Lt. Col. Matthew Arrol, commandant of the U.S. Army’s Joint Support Team at Hurlburt Field in Florida, wrote in an article published Friday on Breaking Defense that the service should conduct a thorough analysis of its current command-and-control structures and optimize C2 to advance multidomain operations and make the Combined Joint All-Domain C2 concept a reality.
Arrol said the Army should consider “how closely and widely we want to integrate the new C2 systems with our allies and non-military Unified Action Partners.” He called on the service to design its C2 systems “from the ground up with inclusion as a mission goal” and work to achieve and protect that synergy with a multinational force.
“Even for those partners outside of traditional alliances, US forces must prepare for the day when we may need to rapidly integrate those forces,” Arrol said. “Hybrid warfare and winning in the ‘competition period’ requires the capabilities and expertise of a whole-of-government approach.”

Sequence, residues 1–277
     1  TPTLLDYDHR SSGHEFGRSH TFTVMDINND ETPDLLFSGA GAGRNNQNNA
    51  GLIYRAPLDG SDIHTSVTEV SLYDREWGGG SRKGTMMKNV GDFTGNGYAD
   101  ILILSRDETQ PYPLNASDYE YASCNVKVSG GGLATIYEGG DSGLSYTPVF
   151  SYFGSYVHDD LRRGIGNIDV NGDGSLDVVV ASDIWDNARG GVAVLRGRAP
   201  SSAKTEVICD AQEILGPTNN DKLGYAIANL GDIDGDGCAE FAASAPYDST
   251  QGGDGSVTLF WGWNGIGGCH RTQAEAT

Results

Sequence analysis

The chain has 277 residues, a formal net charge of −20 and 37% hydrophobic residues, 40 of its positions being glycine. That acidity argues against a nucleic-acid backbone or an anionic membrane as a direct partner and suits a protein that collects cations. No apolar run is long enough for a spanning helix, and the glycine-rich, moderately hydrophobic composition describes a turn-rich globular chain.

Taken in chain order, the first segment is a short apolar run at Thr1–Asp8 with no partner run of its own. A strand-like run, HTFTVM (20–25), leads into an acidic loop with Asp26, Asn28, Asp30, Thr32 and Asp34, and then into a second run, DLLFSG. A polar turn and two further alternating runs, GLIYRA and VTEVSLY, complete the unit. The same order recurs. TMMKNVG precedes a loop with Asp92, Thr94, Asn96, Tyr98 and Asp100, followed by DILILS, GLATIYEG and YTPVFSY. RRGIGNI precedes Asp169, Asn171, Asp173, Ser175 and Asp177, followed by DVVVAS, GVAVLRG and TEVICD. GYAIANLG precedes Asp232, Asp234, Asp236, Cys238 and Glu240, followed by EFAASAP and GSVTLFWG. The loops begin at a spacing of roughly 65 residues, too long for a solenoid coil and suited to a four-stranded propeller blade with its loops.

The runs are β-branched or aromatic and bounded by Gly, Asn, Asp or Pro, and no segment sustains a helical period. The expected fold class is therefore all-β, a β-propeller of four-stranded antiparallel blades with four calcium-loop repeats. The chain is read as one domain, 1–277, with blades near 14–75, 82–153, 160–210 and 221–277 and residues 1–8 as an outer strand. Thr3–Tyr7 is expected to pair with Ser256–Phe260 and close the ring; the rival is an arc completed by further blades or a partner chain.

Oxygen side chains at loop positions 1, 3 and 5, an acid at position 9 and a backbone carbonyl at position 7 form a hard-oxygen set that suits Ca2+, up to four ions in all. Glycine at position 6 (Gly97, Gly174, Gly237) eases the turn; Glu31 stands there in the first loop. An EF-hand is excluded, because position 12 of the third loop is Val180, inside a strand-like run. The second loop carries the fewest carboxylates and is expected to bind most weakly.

Arrol noted that adapting the C2 structure to support C/JADC2 calls for the Army to address education by reassessing the skills and training at all echelons and exposing warfighters to the joint force far earlier in their careers.
“Practitioners of C/JADC2 processes will need to be trained to execute in a degraded environment and possess the command relationships and authorities to act appropriately,” he wrote. “This will naturally be enabled by technology to diagnose, treat, and heal broken C2 networks automatically to maintain the desired decision advantage.”
He said the Army should identify “change agents” and “champions” that could help oversee JADC2, act as an active participant and “must be deliberate in its approach to change, resilient during the process, and seek out those who are uniquely qualified to help lead it.”